Fight of the Century: Writers Reflect on 100 Years of Landmark ACLU Cases Audiobook, by Michael Chabon Play Audiobook Sample
Fight of the Century: Writers Reflect on 100 Years of Landmark ACLU Cases Audiobook, by Michael Chabon Play Audiobook Sample
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Quick Stats About this Audiobook

Total Audiobook Chapters:

45

Longest Chapter Length:

40:22 minutes

Shortest Chapter Length:

19 seconds

Average Chapter Length:

14:43 minutes

Audiobooks by this Author:

17

Other Audiobooks Written by Michael Chabon: > View All...

Publisher Description

To mark its 100-year anniversary, the American Civil Liberties Union partners with award-winning authors Michael Chabon and Ayelet Waldman to bring together many of our greatest living writers, each contributing an original piece inspired by a historic ACLU case.

On January 19, 1920, a small group of idealists and visionaries, including Helen Keller, Jane Addams, Roger Baldwin, and Crystal Eastman, founded the American Civil Liberties Union. A century after its creation, the ACLU remains the nation’s premier defender of the rights and freedoms guaranteed by the Constitution.

In collaboration with the ACLU, authors Michael Chabon and Ayelet Waldman have curated an anthology of essays about landmark cases in the organization’s one-hundred-year history. Fight of the Century takes you inside the trials and the stories that have shaped modern life. Some of the most prominent cases that the ACLU has been involved in—Brown v. Board of Education, Roe v. Wade, Miranda v. Arizona—need little introduction. Others you may never even have heard of, yet their outcomes quietly defined the world we live in now. Familiar or little-known, each case springs to vivid life in the hands of the acclaimed writers who dive into the history, narrate their personal experiences, and debate the questions at the heart of each issue.

Hector Tobar introduces us to Ernesto Miranda, the felon whose wrongful conviction inspired the now-iconic Miranda rights—which the police would later read to the man suspected of killing him. Yaa Gyasi confronts the legacy of Brown v. Board of Education, in which the ACLU submitted a friend of- the-court brief questioning why a nation that has sent men to the moon still has public schools so unequal that they may as well be on different planets. True to the ACLU’s spirit of principled dissent, Scott Turow offers a blistering critique of the ACLU’s stance on campaign finance.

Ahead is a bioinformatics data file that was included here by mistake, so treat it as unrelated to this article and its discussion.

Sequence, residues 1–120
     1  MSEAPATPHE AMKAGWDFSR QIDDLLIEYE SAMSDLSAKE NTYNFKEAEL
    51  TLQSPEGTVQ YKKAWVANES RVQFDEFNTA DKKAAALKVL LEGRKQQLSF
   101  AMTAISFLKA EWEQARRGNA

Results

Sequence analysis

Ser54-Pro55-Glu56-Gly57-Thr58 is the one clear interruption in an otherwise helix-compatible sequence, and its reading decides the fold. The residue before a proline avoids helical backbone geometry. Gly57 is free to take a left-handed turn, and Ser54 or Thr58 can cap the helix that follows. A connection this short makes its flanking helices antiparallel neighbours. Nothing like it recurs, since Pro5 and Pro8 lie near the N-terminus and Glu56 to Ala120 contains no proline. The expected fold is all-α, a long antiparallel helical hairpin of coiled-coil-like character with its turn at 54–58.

These powerful stories, along with essays from Neil Gaiman, Meg Wolitzer, Salman Rushdie, Ann Patchett, Viet Thanh Nguyen, Louise Erdrich, George Saunders, and many more, remind us that the issues the ACLU has engaged over the past one hundred years remain as vital as ever today, and that we can never take our liberties for granted.

Chabon and Waldman are donating their advance to the ACLU and the contributors are forgoing payment.

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“Masterly literary portraitists restore the warts and wardrobes, the motivations and machinations to those whose stories have been stripped down to surnames or pseudonyms.”

— New York Times 

Quotes

  • “An all-star list of authors…revisits key lawsuits in which the ACLU has been involved…[and] brings these cases to life.”

    — New York Times Book Review
  • “[A] powerful, inspiring collection.

    — Christian Science Monitor
  • “Packs a mighty wallop…This is a book to read, share and keep.”

    — Associated Press
  • “A stunning collection of original and topical essays.”

    — Booklist (starred review)
  • “Vigorous, informative, and well-organized, this outstanding collection befits the ACLU’s substantial impact on American law and society.”

    — Publishers Weekly (starred review)
  • “This collection is a reminder that basic human rights and dignity tend to get crushed under populism. An essential, necessary look at a century of progress.”

    — Library Journal (starred review)

Awards

  • A Booklist Pick of Best New Books of the Week
  • A New York Times Book Review Editor’s Choice of the Week

Fight of the Century Listener Reviews

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About the Authors

Michael Chabon is the New York Times bestselling author of numerous books, collections of short stories and essays, and a young-adult novel. Titles include Wonder Boys, which was made into a critically acclaimed film; The Amazing Adventures of Kavalier & Clay, which won numerous awards, including the Pulitzer Prize; and The Yiddish Policemen’s Union, among others.

Ayelet Waldman is an essayist and author of several books including Red Hook Road, Love and Other Impossible Pursuits, and The New York Times bestseller Bad Mother: A Chronicle of Maternal Crimes, Minor Calamities and Occasional Moments of Grace. Her personal essays and profiles of such public figures as Hillary Clinton have been published in a wide variety of newspapers and magazines, including The New York Times, Vogue, The Washington Post, and The Wall Street Journal. She is a graduate of Harvard Law School and a former criminal defense lawyer. Waldman currently lives in Berkeley, California with her Pulitzer Prize-winning husband Michael Chabon, their four children, and their Bernese mountain dog Fanny.

Jacques Roy is a audio narrator and actor, known for The Lower Angels and Room and Board.

Viet Thanh Nguyen was born in Vietnam and raised in America. He is the author of The Sympathizer, which was awarded the 2016 Pulitzer Prize for Fiction, the Andrew Carnegie Medal for Fiction, the Center for Fiction First Novel Prize, the Edgar Award for First Novel, the Asian/Pacific American Award for Literature, and the California Book Award for First Fiction. He is also the author of the nonfiction books Nothing Ever Dies and Race and Resistance. He teaches English and American Studies and Ethnicity at the University of Southern California and lives in Los Angeles.